Reader Steven Davies was the winner of our November DCV Rocks contest. Davies caught one of three song titles in that issue. "Coming together for road safety," our Q&A with Joshua Girard of AB InBev, was a reference to The Beatles' "Come Together." As Davies noted, the song was covered by Aerosmith, who had a Top 40 hit with it. And, of course, his prize was coffee from Aerosmith drummer Joey Kramer's roastery.
"Come Together," a heavy blues song, was a number-one single for The Beatles in 1969. It's the very first song on the very last album they recorded, Abbey Road. (Let It Be was released later, in 1970, but recorded earlier.) As usual for the band, it was a John Lennon/Paul McCartney composition, but in this case Lennon was the main writer. It started out as an attempt at writing a campaign song for Timothy Leary's short-lived gubernatorial campaign against Ronald Reagan, according to the book Revolution in the Head: The Beatles' Records and the Sixties by Ian MacDonald. The book says the song "pitches a stream of self-confessed 'gobbledygook' at the violent antagonisms of an unenlightened world, implying that the language deployed in such confrontations is a trap and a potential prison." Finally, after 50 years, mystery solved.
Other songs to be found in our November issue included "East Bound and Down" by country singer/songwriter/guitarist Jerry Reed and "Clean Machine" by The Presidents of the United States of America.
Jerry Reed was born in Atlanta in 1937. Besides being a chart-topping performer in his own right, he wrote songs recorded by Johnny Cash, Brenda Lee, and others and recorded a Grammy-winning album with Chet Atkins. When Elvis Presley tried to record one of Reed's songs, "Guitar Man," his band couldn't get the guitar to sound right. Presley ended up hiring Reed himself to play on the record. Even today, people are eager to try to replicate Reed's picking style.
Reed also had a career as an actor. He appeared in many movies with Burt Reynolds, who was a friend. Reed played Reynolds' sidekick Cledus in all three Smokey and the Bandit trucker movies. "East Bound and Down" comes from the first Smokey movie. It hit Number 2 on Billboard's Hot Country Songs chart.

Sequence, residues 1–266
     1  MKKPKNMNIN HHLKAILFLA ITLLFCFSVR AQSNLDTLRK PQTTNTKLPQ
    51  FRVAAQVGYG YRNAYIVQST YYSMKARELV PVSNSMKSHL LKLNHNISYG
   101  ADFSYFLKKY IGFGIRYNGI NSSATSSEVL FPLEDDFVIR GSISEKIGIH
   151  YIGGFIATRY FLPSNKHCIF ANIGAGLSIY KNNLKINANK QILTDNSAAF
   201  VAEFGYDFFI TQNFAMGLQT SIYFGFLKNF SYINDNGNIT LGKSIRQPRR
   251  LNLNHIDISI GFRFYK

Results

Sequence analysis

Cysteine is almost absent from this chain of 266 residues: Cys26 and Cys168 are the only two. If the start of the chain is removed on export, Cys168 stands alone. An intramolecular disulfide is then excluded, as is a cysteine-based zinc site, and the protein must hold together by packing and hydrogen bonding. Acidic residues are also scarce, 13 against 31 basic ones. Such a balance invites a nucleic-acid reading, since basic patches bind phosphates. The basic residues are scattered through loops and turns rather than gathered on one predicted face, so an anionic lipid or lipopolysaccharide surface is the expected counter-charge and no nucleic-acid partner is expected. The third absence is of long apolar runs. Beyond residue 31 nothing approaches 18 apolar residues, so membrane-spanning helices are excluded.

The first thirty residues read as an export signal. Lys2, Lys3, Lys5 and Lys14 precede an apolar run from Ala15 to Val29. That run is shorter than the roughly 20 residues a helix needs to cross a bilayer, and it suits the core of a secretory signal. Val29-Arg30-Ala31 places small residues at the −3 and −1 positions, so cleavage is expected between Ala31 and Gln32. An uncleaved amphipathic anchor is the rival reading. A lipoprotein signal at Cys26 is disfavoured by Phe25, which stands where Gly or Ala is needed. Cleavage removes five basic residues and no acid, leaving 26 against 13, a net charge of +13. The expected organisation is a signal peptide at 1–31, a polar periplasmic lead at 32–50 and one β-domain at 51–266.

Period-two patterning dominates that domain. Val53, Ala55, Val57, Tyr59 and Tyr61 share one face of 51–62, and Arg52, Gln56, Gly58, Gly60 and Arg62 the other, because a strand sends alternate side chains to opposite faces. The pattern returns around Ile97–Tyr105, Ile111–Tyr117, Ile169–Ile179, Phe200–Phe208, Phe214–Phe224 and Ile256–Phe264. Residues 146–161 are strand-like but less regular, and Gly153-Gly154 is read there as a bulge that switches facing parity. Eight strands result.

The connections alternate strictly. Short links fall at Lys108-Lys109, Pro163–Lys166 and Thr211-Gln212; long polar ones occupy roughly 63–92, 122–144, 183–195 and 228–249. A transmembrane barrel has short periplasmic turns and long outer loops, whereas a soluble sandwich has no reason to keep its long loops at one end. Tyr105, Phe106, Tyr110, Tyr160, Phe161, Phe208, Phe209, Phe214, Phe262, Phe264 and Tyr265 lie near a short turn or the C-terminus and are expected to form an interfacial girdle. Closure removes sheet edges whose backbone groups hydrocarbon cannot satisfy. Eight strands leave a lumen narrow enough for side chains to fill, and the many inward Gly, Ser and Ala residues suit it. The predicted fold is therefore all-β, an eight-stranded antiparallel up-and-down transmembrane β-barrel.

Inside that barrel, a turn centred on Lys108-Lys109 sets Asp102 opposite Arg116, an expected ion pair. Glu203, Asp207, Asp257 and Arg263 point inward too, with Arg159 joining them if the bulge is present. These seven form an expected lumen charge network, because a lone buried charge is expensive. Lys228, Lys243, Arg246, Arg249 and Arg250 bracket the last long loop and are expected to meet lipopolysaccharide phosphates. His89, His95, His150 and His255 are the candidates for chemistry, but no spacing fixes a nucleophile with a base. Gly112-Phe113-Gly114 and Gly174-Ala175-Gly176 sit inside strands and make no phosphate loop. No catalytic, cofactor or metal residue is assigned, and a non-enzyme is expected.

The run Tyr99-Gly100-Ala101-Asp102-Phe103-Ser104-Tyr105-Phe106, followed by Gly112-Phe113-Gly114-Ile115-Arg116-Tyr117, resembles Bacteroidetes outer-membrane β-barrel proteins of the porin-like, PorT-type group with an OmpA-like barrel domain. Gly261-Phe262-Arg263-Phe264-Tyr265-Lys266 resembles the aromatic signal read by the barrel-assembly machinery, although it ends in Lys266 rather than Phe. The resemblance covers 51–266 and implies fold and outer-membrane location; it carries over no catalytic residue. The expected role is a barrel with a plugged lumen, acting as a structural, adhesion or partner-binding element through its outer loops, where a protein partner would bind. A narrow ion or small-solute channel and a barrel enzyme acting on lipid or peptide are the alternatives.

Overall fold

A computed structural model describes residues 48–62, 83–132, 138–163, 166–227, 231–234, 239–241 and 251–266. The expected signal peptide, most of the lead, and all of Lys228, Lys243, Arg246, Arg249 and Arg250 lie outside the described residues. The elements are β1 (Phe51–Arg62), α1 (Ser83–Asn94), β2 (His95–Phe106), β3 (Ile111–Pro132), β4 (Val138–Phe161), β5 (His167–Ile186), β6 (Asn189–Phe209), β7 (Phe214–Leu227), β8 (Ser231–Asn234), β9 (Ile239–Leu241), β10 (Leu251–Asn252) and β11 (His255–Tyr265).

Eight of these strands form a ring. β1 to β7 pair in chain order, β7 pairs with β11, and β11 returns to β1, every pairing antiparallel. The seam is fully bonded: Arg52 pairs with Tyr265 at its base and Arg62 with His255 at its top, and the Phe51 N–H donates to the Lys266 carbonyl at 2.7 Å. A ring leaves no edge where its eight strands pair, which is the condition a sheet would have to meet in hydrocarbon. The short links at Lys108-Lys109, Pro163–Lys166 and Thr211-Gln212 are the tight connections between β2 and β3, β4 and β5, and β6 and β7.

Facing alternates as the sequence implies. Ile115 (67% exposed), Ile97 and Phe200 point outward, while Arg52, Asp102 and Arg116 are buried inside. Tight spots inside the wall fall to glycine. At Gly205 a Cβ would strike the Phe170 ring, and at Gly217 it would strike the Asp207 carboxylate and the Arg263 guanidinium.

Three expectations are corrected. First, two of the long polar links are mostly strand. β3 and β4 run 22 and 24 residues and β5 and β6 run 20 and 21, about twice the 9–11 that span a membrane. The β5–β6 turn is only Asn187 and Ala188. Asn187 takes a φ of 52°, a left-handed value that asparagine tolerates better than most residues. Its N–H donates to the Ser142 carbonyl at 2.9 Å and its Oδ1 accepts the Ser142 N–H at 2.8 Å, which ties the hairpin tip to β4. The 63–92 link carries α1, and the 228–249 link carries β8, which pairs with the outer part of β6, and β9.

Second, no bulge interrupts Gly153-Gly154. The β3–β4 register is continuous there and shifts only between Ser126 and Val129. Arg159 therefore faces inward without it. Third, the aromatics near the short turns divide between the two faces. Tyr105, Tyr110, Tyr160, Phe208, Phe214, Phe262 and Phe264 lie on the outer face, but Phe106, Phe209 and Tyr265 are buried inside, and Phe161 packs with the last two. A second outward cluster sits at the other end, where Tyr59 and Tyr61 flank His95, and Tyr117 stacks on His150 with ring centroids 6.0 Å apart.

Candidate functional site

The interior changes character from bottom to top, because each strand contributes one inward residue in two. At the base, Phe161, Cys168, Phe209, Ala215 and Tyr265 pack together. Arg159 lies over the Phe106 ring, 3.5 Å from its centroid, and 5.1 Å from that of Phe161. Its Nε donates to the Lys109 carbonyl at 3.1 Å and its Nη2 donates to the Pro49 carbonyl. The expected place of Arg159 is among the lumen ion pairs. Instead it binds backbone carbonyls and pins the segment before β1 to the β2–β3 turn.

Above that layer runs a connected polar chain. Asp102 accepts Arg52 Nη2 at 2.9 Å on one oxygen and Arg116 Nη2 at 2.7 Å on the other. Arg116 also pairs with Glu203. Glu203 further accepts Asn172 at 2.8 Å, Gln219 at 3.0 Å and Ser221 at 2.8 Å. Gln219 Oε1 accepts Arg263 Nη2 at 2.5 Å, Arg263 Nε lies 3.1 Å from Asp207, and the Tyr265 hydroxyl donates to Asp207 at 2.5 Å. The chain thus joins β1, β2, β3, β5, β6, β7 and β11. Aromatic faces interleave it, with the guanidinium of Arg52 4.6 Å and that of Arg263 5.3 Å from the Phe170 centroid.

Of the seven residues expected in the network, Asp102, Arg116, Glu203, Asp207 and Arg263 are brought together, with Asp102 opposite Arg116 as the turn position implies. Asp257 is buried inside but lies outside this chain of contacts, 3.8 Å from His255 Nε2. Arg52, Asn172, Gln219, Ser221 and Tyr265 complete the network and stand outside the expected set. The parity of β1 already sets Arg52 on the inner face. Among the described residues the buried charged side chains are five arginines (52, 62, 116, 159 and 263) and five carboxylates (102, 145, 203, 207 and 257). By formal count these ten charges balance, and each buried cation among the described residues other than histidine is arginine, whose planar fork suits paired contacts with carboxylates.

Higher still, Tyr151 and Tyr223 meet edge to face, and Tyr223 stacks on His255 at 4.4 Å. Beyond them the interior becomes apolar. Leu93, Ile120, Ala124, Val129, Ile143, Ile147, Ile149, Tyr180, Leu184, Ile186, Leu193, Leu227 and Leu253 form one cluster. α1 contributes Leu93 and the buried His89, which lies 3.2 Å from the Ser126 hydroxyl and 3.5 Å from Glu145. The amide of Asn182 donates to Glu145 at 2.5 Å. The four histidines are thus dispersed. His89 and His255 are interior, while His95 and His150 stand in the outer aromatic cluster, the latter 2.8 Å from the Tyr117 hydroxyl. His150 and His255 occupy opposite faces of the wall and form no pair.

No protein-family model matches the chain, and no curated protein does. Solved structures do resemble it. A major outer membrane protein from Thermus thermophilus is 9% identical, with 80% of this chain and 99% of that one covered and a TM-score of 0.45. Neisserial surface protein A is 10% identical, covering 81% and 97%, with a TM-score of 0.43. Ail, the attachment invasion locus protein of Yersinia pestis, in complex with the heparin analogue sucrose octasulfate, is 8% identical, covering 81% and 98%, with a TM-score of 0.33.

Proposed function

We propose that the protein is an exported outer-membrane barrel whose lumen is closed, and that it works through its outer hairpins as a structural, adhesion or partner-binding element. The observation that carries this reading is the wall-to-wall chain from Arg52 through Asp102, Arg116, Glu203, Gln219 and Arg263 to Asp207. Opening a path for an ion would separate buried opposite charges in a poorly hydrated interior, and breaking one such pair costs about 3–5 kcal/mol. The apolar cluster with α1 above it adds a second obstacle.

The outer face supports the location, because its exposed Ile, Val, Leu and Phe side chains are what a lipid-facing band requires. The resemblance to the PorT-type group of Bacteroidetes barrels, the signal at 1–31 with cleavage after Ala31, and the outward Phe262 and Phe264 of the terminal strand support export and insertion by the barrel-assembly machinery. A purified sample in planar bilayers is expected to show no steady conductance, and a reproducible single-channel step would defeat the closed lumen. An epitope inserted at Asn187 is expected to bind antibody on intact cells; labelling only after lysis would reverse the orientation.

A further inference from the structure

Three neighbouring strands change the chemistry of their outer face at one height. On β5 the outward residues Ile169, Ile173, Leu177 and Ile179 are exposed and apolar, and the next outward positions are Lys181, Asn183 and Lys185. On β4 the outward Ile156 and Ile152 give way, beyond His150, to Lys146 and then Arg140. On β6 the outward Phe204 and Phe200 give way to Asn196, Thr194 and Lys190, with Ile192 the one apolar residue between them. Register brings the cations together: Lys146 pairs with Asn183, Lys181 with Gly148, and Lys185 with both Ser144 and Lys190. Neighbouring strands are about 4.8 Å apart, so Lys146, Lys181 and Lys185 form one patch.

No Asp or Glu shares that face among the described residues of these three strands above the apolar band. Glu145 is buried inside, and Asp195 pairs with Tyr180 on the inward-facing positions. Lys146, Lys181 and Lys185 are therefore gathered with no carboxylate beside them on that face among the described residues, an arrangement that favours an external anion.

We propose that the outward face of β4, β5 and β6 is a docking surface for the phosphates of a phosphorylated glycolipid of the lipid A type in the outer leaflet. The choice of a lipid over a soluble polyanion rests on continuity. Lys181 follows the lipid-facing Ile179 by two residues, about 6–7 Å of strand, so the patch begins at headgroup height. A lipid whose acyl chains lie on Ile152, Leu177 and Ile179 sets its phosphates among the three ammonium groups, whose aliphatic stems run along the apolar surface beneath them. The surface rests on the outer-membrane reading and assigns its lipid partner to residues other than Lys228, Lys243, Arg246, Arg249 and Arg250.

The item in our magazine is about the film. "Eastbound and down, redux," from our "Inbound" section, covers a re-creation of Smokey and the Bandit's Texas-to-Atlanta road race by the industry organization Truckers.com. The Truckers.com event included a free country-music concert where, presumably, "East Bound and Down" was performed.
Jerry Reed died in 2008 from emphysema. He was 71 years old.
"Clean machine" is the title of another "Inbound" item—this one about a Dutch nonprofit attempting to clean up the Great Pacific Garbage Patch. The song "Clean Machine" comes from the Presidents of the United States of America's 2004 album Love Everybody.
The Presidents came to life in the midst of Seattle's 1990s grunge scene, but their music often leaned a little more pop than grunge. They're probably most famous for their hit single "Lump." Founders Chris Ballew and Dave Dederer played modified guitars, dubbed the basitar and guitbass, respectively. (The basitar is a standard guitar with only two strings, both in a heavy gauge normally used for a bass; the guitbass has only three strings.) The group's lineup was completed by drummer Jason Finn. Their first, eponymous, album reached Number 6 and eventually went platinum. The band broke up in 2015.
SUBMIT FEBRUARY ANSWERS BY MARCH 17
There are three rock references in our February 2019 issue. Correctly guess one, two, or all three and email the solution to email@example.com by midnight Pacific time on Sunday, March 17, and you'll be entered into our drawing for a three-pack sampler of Joey Kramer's Rockin' & Roastin' Organic Coffee. If you don't have a copy of the magazine handy, you can look through the headlines in our mobile version or online. Hints for February: The Beatles, Elton John, The Rolling Stones. Good luck!
Please note: Previous contest winners may not enter for three months following their win.
Presidents of the United States of America photo by Danny Lechanteur. Licensed under Creative Commons Attribution 3.0 Unported license.